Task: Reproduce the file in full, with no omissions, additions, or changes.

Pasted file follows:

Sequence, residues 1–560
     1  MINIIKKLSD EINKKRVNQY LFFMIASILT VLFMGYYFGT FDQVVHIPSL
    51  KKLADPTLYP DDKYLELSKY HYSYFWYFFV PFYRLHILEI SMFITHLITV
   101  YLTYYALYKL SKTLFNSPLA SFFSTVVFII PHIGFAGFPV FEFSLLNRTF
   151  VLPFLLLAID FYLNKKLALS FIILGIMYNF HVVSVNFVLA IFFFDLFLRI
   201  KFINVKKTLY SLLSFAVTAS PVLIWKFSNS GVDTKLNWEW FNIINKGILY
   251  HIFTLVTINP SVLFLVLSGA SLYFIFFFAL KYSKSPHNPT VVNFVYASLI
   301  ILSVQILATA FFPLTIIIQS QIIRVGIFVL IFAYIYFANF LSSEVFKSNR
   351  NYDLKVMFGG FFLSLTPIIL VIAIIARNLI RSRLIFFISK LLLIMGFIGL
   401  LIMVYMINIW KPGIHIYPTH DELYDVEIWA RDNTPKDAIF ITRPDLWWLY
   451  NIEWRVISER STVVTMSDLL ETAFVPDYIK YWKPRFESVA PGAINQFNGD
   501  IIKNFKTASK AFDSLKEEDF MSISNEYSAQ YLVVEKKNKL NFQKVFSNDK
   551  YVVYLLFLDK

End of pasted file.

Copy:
Sequence, residues 1–560
     1  MINIIKKLSD EINKKRVNQY LFFMIASILT VLFMGYYFGT FDQVVHIPSL
    51  KKLADPTLYP DDKYLELSKY HYSYFWYFFV PFYRLHILEI SMFITHLITV
   101  YLTYYALYKL SKTLFNSPLA SFFSTVVFII PHIGFAGFPV FEFSLLNRTF
   151  VLPFLLLAID FYLNKKLALS FIILGIMYNF HVVSVNFVLA IFFFDLFLRI
   201  KFINVKKTLY SLLSFAVTAS PVLIWKFSNS GVDTKLNWEW FNIINKGILY
   251  HIFTLVTINP SVLFLVLSGA SLYFIFFFAL KYSKSPHNPT VVNFVYASLI
   301  ILSVQILATA FFPLTIIIQS QIIRVGIFVL IFAYIYFANF LSSEVFKSNR
   351  NYDLKVMFGG FFLSLTPIIL VIAIIARNLI RSRLIFFISK LLLIMGFIGL
   401  LIMVYMINIW KPGIHIYPTH DELYDVEIWA RDNTPKDAIF ITRPDLWWLY
   451  NIEWRVISER STVVTMSDLL ETAFVPDYIK YWKPRFESVA PGAINQFNGD
   501  IIKNFKTASK AFDSLKEEDF MSISNEYSAQ YLVVEKKNKL NFQKVFSNDK
   551  YVVYLLFLDK